Instead, an anonymous source told The Washington Blade that, ". . . we want to include individuals who are in long standing domestic partnerships so we can capture more same-sex couples." The same source went on to say that, "We used the term the family members largely so that domestic partnerships would be included in the standard."
That's great, but it also underscores why a written policy clarifying just that is so important. If the Administration believes - as it should - that even couples in states where marriage is not an option (like Benjamin and Mattia, in Utah) should be considered 'family' for immigration purposes, it needs to tell its agents and officers just that. Instead, the Administration seems to have opted for verbally communicating its stance to employees . . . leaving far too much room for interpretation . . . and, in turn, leaving far too many families in peril of separation or exile.
Indeed, the guidelines issued by the Administration last week concretely spell out a number of individuals who should be "low priority," including DREAM Act-eligible youth; military veterans; and the elderly. It neglected, however, to include a bullet point making clear that LGBT spouses fall under that category, too.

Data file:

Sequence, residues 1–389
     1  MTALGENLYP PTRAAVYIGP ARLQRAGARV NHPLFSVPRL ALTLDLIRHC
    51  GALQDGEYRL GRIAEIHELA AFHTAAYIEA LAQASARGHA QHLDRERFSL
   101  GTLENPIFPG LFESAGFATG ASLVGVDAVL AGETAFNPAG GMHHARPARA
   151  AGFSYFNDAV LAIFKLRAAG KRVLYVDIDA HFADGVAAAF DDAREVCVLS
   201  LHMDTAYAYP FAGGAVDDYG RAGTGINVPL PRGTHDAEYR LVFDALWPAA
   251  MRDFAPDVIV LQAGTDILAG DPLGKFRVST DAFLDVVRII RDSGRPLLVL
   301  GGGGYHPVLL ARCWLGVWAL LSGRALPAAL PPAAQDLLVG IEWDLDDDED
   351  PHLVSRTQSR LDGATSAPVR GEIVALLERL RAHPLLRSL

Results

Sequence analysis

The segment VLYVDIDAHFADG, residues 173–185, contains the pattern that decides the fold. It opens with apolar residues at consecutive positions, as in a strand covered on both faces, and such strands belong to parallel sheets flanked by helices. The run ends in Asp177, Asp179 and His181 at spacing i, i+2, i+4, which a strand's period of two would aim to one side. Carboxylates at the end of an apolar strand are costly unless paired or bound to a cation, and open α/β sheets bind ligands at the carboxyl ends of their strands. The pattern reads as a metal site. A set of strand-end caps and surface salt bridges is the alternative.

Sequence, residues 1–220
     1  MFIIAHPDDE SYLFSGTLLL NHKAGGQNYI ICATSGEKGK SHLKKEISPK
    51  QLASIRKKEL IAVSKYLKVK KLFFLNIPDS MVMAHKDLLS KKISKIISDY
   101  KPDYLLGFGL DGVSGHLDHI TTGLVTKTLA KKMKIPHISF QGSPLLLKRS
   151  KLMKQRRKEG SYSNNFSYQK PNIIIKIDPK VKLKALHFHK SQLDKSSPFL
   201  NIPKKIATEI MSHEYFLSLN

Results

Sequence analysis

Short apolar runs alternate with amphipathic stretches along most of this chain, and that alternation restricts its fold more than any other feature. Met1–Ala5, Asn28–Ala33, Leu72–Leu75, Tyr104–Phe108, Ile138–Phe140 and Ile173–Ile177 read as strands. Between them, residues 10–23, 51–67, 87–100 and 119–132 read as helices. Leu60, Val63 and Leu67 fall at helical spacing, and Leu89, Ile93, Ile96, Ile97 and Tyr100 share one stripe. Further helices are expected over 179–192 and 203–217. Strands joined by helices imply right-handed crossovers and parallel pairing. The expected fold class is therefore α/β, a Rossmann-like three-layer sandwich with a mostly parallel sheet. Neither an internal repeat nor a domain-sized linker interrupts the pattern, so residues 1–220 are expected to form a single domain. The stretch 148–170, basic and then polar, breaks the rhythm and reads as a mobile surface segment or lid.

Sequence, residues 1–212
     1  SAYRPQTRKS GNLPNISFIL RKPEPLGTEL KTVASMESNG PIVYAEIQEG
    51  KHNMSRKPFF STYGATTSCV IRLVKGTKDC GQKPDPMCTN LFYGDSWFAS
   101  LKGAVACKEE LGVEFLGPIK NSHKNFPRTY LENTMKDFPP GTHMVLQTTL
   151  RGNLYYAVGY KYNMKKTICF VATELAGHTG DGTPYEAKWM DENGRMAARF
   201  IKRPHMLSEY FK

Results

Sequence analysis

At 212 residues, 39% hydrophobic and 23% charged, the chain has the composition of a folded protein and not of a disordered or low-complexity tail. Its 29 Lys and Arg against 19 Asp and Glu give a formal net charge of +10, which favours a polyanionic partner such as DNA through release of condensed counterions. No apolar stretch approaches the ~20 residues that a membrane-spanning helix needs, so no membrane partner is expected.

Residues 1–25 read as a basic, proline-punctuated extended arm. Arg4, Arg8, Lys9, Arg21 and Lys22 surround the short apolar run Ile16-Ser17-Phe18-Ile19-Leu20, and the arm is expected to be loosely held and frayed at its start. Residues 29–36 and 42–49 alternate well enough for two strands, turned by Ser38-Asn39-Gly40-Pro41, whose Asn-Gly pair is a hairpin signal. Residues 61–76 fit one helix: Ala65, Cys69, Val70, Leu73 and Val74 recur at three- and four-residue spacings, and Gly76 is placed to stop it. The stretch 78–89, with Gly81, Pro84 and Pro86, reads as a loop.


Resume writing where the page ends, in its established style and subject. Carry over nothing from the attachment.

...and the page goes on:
Though Benjamin and Mattia will depart the country before Mattia's status expires, that option isn't a realistic one for some couples.
In Massachusetts, for example, a couple currently working with Immigration Equality's legal team have pleaded with ICE to exercise discretion. To date, they have refused to do so, and as a result, the immigrant spouse (who is legally married to his American husband in Massachusetts) faces deportation to a virulently homophobic country in the Caribbean where being "out" is impossible, and merely trying to be safe is a challenge. Though he has no criminal record, a high likelihood of violent persecution if deported, and a U.S. citizen husband, ICE has refused to act, having no written policy that requires them to recognize the couple as family.
As a result, this could be their last Thanksgiving, too.
President Obama, of course, has the ability to help Benjamin & Mattia, and Immigration Equality's Massachusetts couple, as well as other families like them. He can, in short, instruct DHS and DOJ to hold, in abeyance, green card applications filed by LGBT couples. Doing so would allow those couples to remain together in the United States until DOMA's constitutionality, and fate, is settled. It's an option with clear legal precedence, and one that more than 60 Members of Congress have asked for. And, he can instruct DHS to put - in writing - its commitment that LGBT spouses should be "low priority" for removal, too.
"I'm being forced out of the country I love, the country I fought for, because I am in love with a man," Benjamin recently said. "I just wish people could see that we love each other and deserve the same respect straight people have."
As a country of immigrants, where less than 2% of the population is truly native, it seems like the least we could do.